Coming from upstate New York, I was a little surprised how early spring came here. Now, spring is in full bloom, with grass starting to sprout up, blossoms on the trees and flowers, warm, sunny days, and gardens and fields being planted.
Last week was particularly warm and beautiful, but a bit windy. From what I’ve observed and heard, fall is more the rainy season here than spring, but it is raining lightly today. I’ve enjoyed lazy afternoons sitting on our front steps and absorbing the sunlight. On Friday, I spent a couple of hours planting potatoes with my host mom.
Yesterday, I had a short training in Chisinau for the volunteers who have been selected to be the mentors for the incoming group of volunteers. During this meeting, we revisited the “Cycle of Vulnerability and Adjustment”, which is a chart that all volunteers become familiar with over the course of their service. Basically, as one of our staff members said, “You are very predictable”. This chart shows the ups and downs of Peace Corps Service and has been found by most volunteers to be very accurate. The first 0-2 months in country are the “honeymoon” period. From 1-3 months, we experience mixed culture site and the roller-coaster goes up and down a lot. Months 3-6 (our first 3 months at our permanent sites) are often times where we are more vulnerable and struggle to adjust. From 6-12 months (which we are hitting the end of now), most volunteers have adjusted pretty well and experience more of a high. However, 12-14 months is often a hard time for volunteers, as they often have a “mid-service crisis”. This is followed by another high for 8 months or so, then the final couple of months are often hard, as volunteers prepare to say goodbye, figure out what’s next, and worry about the future. An interesting take-away was that just as the new group of volunteers arrive and are in their “honeymoon period”, we will be hitting our “mid-service crisis”.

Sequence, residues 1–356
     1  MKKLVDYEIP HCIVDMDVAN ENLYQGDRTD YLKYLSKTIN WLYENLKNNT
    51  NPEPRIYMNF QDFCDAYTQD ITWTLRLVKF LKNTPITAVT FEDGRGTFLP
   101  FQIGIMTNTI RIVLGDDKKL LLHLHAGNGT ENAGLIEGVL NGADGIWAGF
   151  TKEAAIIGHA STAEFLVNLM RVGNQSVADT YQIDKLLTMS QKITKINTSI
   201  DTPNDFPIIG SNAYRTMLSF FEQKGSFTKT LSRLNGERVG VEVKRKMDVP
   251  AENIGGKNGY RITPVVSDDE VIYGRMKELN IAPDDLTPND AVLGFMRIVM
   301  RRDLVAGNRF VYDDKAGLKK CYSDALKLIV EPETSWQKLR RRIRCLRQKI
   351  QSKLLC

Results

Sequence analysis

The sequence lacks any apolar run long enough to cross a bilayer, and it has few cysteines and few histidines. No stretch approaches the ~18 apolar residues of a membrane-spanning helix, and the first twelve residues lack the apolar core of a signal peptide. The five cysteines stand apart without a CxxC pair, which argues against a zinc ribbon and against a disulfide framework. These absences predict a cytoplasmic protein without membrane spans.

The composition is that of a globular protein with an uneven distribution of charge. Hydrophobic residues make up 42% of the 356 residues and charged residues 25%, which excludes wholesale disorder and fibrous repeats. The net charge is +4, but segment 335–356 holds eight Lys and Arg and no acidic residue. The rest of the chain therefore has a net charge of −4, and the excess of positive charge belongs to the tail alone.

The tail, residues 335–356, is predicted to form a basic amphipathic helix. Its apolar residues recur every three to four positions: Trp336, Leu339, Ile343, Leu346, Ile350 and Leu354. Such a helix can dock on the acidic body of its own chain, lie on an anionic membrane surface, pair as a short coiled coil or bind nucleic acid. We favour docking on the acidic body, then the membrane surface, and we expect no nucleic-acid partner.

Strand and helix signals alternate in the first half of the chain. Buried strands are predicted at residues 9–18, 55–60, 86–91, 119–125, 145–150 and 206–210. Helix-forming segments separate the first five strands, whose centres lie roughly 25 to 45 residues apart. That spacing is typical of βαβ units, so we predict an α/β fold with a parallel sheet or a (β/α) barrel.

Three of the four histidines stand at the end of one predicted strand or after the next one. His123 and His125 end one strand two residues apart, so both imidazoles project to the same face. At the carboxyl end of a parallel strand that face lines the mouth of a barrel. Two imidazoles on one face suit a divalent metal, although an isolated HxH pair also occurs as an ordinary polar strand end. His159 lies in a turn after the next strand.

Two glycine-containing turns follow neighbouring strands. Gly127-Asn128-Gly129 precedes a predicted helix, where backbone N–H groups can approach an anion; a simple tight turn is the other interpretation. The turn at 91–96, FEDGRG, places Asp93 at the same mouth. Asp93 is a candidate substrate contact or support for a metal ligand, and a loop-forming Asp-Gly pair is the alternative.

Peace Corps service is a lot like a roller-coaster, with high highs and low lows. It can be hard, but it is also so rewarding. The past couple of weeks have been a mix of both- stressful and hard but also beautiful and good. I’ve dealt with some of the struggles of being a teacher (whether here in Moldova or back in the United States, those struggles are often the same) but also celebrated some major successes.
I’ve also discovered how much I like teaching middle/high-school aged students, which has continuously been a surprise for me. Unlike many education volunteers, I studied education in college. I’d always thought I preferred working with younger, elementary-aged students. But I’m finding I really enjoy working with my 5-9th grade students here (age equivalent to 6th to 10th grade students in the US). There are certainly unique challenges to working with pre-teens and teens, but I’m also really liking it. I started an after-school English Club about a month ago with a number of my 7th, 8th, and 9th grade students and so far it’s been going really well. I have three different mixed-grade groups (I had so many students sign up it wasn’t possible to do in 1 or even 2 groups), and each group meets once a week for 45 minutes (occasionally up to an hour) after school. I’ve loved the freedom to create my own curriculum and incorporate more conversational English and group and partner based activities, and I’ve also liked that I have an opportunity to get to know my students better.
I think that’s all for my random reflections today! For those of you in upstate New York, I’m hoping this warm weather will head your way soon!